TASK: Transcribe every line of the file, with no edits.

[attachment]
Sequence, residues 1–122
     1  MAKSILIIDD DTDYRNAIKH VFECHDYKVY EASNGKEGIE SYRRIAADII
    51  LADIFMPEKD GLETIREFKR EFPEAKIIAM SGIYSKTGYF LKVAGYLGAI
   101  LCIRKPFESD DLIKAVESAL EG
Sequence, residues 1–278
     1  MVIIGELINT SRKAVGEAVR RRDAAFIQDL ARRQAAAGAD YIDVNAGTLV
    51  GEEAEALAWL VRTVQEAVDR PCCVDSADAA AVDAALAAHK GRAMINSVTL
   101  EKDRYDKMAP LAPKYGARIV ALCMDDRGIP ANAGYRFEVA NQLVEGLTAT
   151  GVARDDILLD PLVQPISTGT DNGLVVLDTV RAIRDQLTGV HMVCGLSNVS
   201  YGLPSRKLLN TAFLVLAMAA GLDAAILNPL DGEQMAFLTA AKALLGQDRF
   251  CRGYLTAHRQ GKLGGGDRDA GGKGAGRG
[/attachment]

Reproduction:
Sequence, residues 1–122
     1  MAKSILIIDD DTDYRNAIKH VFECHDYKVY EASNGKEGIE SYRRIAADII
    51  LADIFMPEKD GLETIREFKR EFPEAKIIAM SGIYSKTGYF LKVAGYLGAI
   101  LCIRKPFESD DLIKAVESAL EG
Sequence, residues 1–278
     1  MVIIGELINT SRKAVGEAVR RRDAAFIQDL ARRQAAAGAD YIDVNAGTLV
    51  GEEAEALAWL VRTVQEAVDR PCCVDSADAA AVDAALAAHK GRAMINSVTL
   101  EKDRYDKMAP LAPKYGARIV ALCMDDRGIP ANAGYRFEVA NQLVEGLTAT
   151  GVARDDILLD PLVQPISTGT DNGLVVLDTV RAIRDQLTGV HMVCGLSNVS
   201  YGLPSRKLLN TAFLVLAMAA GLDAAILNPL DGEQMAFLTA AKALLGQDRF
   251  CRGYLTAHRQ GKLGGGDRDA GGKGAGRG